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Hannibal Courier - Post - Hannibal, MO
  • Edmonds, McGee, Marion, Shannon elected to Cards’ HOF

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  • Longtime Cardinal greats Willie McGee and Jim Edmonds were among the inaugural players voted into the Cardinals’ Hall of Fame along with Marty Marion and broadcaster Mike Shannon. The fan ballot results, Red Ribbon Committee results, and the Cardinals’ organization selection were announced Wednesday before the Cardinals game against the Milwaukee Brewers.
    Among the eight modern era players available for fans to vote for were Edmonds, Bob Forsch, Keith Hernandez, McGee, Mark McGwire, Matt Morris, Ted Simmons and Joe Torre. Fans began voting on March 7 and ended on April 22.
    Neither Edmonds nor McGee were able to attend the announcement, but Shannon did wave to the crowd from his position in the broadcast booth.
    During his eight years in St. Louis (2000 to 2007), Edmonds blasted 241 home runs, drove in 713 runs, scored 690 runs, 645 walks, and stole 37 bases while hitting .285. Edmonds ranks fourth all time in home runs and eighth in walks. He also had 87 game-winning RBI, good for third in franchise history.
    Edmonds reached the playoffs in all but two years he was with St. Louis and played in two World Series, 2004 and 2006, winning his only title in 2006. Edmonds won six Gold Gloves and was a three-time All Star with St. Louis.
    McGee was with St. Louis for 13 years, between 1982 and 1990 and again from 1996 through 1999. McGee had 1,683 hits with 63 home runs, 678 RBIs, 760 runs scored and 301 stolen bases. McGee is fourth all time for St. Louis in stolen bases and game-winning RBIs (85). He is third in pinch hits (59), seventh in triples (83), ninth in games played (1,661), and 10th in at bats (5,734).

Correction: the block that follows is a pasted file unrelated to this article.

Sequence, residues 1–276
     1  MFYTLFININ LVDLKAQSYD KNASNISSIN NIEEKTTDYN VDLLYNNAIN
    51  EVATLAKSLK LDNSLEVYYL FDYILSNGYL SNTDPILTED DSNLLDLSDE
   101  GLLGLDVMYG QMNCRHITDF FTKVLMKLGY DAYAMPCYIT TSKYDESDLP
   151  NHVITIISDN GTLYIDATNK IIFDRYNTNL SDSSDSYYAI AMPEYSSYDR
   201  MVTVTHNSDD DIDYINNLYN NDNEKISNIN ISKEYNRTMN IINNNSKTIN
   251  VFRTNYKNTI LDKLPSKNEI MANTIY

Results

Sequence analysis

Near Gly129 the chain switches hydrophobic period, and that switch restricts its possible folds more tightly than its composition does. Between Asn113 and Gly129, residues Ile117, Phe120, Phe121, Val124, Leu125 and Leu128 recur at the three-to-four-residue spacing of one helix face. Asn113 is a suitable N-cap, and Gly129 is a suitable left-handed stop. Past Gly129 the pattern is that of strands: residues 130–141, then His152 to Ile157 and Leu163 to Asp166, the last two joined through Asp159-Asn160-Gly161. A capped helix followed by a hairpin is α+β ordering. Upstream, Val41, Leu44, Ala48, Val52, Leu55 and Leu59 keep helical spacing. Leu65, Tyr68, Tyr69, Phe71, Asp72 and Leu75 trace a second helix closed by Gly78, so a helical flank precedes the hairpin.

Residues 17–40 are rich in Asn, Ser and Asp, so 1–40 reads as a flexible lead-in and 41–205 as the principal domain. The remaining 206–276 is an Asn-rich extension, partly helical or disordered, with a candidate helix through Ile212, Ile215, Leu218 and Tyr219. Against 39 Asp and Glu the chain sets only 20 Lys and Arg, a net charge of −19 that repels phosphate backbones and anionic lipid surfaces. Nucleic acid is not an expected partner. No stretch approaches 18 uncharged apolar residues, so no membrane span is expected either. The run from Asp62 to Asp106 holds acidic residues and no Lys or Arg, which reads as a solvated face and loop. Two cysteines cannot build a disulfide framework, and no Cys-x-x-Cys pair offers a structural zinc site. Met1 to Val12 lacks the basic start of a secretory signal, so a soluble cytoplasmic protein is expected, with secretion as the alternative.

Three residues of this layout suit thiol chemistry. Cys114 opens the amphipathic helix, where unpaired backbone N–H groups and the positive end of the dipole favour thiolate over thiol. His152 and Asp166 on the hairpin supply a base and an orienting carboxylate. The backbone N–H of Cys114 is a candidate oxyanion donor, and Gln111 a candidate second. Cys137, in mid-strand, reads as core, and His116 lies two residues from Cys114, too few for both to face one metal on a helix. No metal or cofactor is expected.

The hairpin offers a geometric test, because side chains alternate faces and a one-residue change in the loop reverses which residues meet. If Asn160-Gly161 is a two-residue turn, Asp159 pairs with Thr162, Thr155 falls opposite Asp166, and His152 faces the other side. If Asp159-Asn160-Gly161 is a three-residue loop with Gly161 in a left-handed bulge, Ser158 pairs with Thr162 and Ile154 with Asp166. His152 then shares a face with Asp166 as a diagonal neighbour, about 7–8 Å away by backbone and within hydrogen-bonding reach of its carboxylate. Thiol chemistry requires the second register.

McGee won the 1985 batting title as well as 1990 batting title. The 1990 title came even after being traded to Oakland late in the season. He played in the postseason four times (1982, 1985, 1987, and 1996) and the World Series three times, winning it all in 1982. McGee also won the MVP award in 1985, his age 26 season. He won three Gold Gloves and one Silver Slugger with the Redbirds and was a four-time All Star.
    Players who have been retired for more than 40 years are placed in the veteran player category and are voted on by the Red Ribbon Committee via secret ballot. Marion was the veteran player to be elected by the Red Ribbon Committee.
    Marion played for the Cardinals from 1940 through 1950 and with the St. Louis Browns in 1952 and 1953. Marion won the 1944 MVP award.
    As an organization, the Cardinals can choose to place an individual into the Hall of Fame if they feel the person is an important figure or contributed greatly to the organization. These individuals can be coaches, broadcasters, or a member of the Cardinals’ front office. The club does not have to choose an individual every year, but this year it did. The Cardinals’ choice was Shannon, the longtime broadcaster and former player.
    Page 2 of 2 - Shannon collected just 710 hits during his nine-year career (1962 through 1970). He hit 68 home runs and drove in 367 runs while scoring 313 times while playing right field and third base for the Cardinals. After winning two of three World Series while playing for the Cardinals, Shannon retired for health reasons. He moved into the broadcasters’ booth in 1972 where he has been for the last 43 seasons, counting the 2014 season.
    The Cardinals will hold an official induction ceremony for the newest Hall of Fame members on Saturday, August 16.
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